Let us consider the absurd result of your view. If it was acceptable for Bonhoeffer to assassinate Hitler, then it is acceptable for Christians to bomb abortion clinics and the doctors who are responsible for the holocaust of the unborn.

  15. Here's where it either becomes ironic or merely humorous. I also oppose Bonhoeffer's attempt to assassinate Hitler, but on different grounds than you. You, it would appear, oppose the assassination of Hitler on the grounds that he has been placed there and ordained by God as "the State."

    I think that Hitler should have been overthrown, and if he could have been overthrown without murdering him, then that would have been a good thing. After all, if we're going to take the "God has ordained the leader" approach," then God also ordained him to be overthrown by a bunch of libertarian rascals.

    Now, why would you not turn over the Jewish people to the State? After all, it is the law, and God established that law.

    By the way, sorry I put up the straw man that equated your obedience with worship. It was uncalled for.

  16. I would oppose the assassination of a government leader because as Romans 13 tells us, he has been appointed by God, and because citizens are not to take justice into their own hands. What other meaning could Romans 13 have? Is Paul only instructing Christians not to rebel against just authorities? Why would a Christian want to resist a just authority and thus necessitate Paul warning them not to? Again, the taxes Paul is talking about were very unjust, yet he tells Christians to submit and pay them, as did Christ. If you are correct, then Paul should have told Christians to decide first if the tax was just, and only then pay it, and he would have laid out principles for determining if the tax was just.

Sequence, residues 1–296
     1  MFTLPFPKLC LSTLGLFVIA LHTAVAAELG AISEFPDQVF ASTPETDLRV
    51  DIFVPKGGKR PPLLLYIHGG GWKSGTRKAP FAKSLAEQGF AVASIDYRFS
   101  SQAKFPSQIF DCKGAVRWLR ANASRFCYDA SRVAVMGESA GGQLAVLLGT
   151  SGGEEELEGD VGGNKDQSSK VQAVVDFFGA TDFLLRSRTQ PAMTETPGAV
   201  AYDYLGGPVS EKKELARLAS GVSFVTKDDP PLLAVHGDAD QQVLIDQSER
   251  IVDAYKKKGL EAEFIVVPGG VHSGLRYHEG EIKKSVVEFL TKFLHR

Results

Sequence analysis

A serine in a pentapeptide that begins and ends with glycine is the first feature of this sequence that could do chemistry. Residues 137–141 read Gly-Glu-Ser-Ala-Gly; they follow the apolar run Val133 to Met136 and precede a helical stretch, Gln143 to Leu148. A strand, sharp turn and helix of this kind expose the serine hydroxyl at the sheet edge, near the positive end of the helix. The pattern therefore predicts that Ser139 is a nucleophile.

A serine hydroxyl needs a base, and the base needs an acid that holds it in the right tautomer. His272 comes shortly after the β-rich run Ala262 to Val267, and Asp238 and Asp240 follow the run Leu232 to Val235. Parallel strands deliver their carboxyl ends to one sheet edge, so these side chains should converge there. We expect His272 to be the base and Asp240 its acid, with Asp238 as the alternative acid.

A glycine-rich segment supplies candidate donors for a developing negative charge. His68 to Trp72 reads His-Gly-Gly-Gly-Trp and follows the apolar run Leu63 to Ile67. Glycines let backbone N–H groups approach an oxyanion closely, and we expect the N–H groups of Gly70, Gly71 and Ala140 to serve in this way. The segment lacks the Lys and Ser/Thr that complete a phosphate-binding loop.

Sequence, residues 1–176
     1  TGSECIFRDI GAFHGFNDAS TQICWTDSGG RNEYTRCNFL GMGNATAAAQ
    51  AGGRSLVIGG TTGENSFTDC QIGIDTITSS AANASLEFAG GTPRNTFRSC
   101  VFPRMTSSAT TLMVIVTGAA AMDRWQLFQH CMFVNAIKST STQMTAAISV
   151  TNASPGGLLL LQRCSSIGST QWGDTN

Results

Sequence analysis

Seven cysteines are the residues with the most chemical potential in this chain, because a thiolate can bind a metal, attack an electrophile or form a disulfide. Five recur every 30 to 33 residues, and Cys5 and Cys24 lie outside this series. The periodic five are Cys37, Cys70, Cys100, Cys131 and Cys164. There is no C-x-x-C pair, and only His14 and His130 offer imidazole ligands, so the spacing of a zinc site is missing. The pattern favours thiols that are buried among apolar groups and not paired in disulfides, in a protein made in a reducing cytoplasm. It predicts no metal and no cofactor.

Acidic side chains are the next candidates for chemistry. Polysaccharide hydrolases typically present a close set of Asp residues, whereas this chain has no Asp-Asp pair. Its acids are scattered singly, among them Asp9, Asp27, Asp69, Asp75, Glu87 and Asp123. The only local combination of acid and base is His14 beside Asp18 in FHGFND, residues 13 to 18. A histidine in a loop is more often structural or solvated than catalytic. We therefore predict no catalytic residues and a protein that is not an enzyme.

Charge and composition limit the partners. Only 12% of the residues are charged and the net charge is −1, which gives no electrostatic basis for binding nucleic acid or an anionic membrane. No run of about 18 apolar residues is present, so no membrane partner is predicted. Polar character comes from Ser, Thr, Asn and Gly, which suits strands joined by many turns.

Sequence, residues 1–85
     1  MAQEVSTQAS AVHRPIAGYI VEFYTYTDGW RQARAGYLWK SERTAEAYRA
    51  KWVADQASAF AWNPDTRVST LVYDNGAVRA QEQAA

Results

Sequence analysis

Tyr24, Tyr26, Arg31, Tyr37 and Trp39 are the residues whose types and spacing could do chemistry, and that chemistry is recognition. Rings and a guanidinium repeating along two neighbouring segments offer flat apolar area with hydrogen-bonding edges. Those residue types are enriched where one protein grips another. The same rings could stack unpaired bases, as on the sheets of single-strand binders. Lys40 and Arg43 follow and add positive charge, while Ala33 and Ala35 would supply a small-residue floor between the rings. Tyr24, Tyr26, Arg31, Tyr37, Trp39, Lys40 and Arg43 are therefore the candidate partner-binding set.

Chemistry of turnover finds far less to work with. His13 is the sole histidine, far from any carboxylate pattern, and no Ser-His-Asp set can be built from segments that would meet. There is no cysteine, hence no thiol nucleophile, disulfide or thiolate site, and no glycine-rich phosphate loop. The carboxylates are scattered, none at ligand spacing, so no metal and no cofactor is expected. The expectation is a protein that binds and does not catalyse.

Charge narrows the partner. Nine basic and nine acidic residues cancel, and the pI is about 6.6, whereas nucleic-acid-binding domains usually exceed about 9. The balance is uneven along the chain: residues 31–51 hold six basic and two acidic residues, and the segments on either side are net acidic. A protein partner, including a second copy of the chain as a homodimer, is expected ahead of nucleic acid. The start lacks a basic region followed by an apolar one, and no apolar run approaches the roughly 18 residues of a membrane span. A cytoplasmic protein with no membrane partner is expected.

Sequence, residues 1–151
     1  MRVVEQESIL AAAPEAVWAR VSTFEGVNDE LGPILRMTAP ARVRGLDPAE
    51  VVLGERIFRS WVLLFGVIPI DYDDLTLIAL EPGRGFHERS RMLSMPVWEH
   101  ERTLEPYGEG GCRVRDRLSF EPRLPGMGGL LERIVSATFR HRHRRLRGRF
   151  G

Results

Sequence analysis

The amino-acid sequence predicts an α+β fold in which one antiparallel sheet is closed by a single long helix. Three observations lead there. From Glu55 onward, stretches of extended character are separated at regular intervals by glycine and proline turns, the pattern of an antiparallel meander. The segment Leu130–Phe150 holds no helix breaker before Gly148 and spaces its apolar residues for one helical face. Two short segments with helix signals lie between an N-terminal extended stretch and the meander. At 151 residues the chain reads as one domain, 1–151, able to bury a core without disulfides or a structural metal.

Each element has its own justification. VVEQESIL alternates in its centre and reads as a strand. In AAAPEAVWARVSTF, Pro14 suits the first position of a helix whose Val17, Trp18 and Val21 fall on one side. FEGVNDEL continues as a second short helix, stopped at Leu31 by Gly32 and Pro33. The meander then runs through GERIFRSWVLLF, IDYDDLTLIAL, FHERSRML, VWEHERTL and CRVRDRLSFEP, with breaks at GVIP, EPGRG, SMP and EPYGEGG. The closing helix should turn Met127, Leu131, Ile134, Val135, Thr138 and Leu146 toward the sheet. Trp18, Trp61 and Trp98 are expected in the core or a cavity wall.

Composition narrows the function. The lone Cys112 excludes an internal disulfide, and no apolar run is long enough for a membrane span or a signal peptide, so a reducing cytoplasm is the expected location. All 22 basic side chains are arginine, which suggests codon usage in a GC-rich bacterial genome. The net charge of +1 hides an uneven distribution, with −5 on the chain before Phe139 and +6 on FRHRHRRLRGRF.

Also, my argument is not strictly rooted in God's decree. I'm not advocating a hyper-calvinist, frosen chosen response, so your comment about the libertarian rascals is not quite relevant. I'm advocating what Paul says, that authorities are over us because God has appointed them.

    How do you understand Romans 13? Is Paul only referring to just authorities? What about 1 Peter 2 where he specifically speaks about suffering unjustly?

    Also, on what grounds would you oppose Bonhoeffer's actions?

    And what about the abortion clinics?